At this point it would probably be appropriate to give up a note of fair warning. My tone may seem harsh and brusque, my opinions may seem brutal and hard, and what passes for my "wit" may be interpreted as dry and caustic. If this offends you, all I can say is that this material's been edited to minimize that, and you've been warned. I will be honest, and straight-forward. Of necessity, I will try to keep the vocabulary of this document as simple as precision will allow, to minimize the chances of misunderstanding. I make no assumptions that my readers will be either basically informed on this topic, or as dumb as posts. When I state an opinion, I will try to label it as such, when I state facts, they will be as I understand them.
It should be noted that there are areas of this topic (as well as the topic of leatherworking in and of itself) where educated and informed opinions differ and, more importantly, where my particular opinions will enter in to this discussion. In those places, I will attempt to be fair to both sides of the topic, and allow the reader to use their own judgement.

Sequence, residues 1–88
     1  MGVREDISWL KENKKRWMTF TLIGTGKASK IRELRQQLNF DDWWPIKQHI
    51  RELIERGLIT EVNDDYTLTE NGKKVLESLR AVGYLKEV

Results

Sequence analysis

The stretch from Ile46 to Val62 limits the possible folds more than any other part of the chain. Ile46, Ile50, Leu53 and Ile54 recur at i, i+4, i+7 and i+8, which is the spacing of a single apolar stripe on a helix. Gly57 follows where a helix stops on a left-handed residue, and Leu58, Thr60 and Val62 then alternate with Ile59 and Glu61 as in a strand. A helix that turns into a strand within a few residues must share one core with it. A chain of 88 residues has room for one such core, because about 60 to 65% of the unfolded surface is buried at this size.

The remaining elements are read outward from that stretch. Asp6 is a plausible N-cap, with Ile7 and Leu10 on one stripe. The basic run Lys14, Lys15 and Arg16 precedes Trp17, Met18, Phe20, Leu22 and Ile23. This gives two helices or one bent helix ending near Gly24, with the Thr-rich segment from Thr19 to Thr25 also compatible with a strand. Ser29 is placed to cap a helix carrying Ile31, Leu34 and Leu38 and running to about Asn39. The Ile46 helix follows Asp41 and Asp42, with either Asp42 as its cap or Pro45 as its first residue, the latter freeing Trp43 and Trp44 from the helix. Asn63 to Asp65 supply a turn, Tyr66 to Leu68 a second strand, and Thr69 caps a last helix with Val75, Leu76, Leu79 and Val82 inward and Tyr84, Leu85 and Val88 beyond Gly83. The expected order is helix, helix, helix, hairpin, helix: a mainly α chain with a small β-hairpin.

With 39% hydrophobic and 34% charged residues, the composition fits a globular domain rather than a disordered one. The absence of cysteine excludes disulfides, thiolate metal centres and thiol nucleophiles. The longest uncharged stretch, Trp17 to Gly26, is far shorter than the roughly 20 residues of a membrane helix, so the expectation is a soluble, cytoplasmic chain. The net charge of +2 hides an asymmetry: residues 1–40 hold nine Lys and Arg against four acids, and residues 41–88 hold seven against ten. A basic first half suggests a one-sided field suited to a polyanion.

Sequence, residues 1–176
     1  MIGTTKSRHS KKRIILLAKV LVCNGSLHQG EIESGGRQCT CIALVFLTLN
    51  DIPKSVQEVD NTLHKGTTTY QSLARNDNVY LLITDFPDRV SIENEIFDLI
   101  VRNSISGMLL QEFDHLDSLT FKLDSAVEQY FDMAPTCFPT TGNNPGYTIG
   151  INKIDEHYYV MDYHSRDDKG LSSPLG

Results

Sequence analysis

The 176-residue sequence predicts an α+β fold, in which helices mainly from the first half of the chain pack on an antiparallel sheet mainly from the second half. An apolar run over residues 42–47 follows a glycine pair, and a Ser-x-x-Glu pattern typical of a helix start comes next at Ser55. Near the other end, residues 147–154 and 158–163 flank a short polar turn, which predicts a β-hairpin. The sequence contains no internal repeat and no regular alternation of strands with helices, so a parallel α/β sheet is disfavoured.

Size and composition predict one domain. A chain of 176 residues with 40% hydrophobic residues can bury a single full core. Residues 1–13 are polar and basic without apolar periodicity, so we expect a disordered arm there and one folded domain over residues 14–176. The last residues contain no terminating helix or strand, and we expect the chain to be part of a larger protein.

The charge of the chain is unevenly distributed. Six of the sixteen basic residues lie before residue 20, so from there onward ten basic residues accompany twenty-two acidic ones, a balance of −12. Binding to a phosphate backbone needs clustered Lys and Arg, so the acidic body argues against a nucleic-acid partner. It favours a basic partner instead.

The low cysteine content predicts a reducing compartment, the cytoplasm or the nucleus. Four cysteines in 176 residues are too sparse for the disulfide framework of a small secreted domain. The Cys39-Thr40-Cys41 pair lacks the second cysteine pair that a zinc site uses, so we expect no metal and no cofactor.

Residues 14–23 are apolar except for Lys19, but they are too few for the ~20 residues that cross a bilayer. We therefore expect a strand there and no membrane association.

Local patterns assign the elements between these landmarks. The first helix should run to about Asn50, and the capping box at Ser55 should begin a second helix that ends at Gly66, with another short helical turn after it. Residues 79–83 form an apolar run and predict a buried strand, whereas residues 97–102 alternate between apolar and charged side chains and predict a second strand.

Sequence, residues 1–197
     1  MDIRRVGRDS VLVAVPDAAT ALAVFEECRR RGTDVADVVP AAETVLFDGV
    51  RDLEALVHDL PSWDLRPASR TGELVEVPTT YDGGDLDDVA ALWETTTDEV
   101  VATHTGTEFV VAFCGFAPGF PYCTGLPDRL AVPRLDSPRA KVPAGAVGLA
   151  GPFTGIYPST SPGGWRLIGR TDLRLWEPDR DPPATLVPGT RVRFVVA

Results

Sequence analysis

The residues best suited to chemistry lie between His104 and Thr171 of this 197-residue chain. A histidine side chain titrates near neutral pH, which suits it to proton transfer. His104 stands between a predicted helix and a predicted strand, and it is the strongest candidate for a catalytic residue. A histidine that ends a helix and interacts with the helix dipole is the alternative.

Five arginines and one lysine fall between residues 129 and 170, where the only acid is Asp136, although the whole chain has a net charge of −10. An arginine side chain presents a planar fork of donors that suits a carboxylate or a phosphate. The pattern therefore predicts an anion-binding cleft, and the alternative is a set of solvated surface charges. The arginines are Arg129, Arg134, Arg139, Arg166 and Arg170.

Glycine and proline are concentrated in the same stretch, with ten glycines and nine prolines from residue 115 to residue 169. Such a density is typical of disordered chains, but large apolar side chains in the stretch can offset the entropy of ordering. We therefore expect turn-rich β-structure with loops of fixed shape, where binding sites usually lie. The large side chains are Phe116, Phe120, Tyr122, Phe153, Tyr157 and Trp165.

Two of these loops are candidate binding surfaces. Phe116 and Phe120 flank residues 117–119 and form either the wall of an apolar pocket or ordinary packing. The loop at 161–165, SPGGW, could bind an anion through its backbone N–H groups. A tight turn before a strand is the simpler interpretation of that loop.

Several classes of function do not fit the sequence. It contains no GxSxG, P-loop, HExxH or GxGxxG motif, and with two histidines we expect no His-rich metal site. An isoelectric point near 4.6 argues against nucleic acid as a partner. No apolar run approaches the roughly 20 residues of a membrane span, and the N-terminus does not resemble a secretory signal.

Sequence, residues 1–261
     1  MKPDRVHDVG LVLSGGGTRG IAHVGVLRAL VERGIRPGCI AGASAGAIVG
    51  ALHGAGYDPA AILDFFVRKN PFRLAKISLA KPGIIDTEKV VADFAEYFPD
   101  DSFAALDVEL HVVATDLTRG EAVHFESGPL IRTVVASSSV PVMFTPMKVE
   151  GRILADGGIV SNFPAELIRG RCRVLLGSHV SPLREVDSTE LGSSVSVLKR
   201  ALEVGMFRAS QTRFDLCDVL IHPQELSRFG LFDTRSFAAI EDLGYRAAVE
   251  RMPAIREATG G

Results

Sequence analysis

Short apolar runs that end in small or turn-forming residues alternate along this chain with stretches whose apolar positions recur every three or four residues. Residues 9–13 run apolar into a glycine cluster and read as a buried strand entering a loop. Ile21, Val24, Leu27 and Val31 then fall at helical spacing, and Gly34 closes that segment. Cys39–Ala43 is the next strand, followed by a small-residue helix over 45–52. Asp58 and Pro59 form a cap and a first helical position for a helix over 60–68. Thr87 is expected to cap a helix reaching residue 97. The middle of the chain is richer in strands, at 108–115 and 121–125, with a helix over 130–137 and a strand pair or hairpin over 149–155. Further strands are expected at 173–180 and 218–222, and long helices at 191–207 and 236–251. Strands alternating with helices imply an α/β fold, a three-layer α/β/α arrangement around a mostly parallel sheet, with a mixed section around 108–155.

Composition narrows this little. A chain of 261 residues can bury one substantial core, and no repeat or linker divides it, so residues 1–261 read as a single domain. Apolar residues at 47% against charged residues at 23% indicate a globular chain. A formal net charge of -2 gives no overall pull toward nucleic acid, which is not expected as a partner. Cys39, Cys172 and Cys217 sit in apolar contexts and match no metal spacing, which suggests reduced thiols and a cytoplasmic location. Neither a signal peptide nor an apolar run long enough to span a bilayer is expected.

This document focuses mostly on the cultural milieus I am most familiar with, those of the British Isles and the North Sea. Therefore, the materials you are examining should not be confused with a text of shoes for all regions in Europe (although, admittedly, some other examples are given). I would suggest, though, that understanding how shoes were made in Britain might give you hints on how shoes were made in Germany.
Finally, I think it's important to point out that the designs you will find in here are NOT "patterns" for "Period Shoes". They are not drawn to any appreciable scale, nor have I actually made all of these designs. These are more akin to the period design drawings, from which each individual pattern should be drawn. If you slap them into a photocopier and just enlarge them, you'll likely come out with garbage.
I hope then that you will find both food for thought in here, as well as information that will be useful as you sit down and begin to work.
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Footwear of the Middle Ages - Introduction, Copyright © 1996, 1998, 2002 I. Marc
This page is given for the free exchange of information, provided the author's name is included in all future revisions, and no money change hands, other than as expressed in the Copyright Page.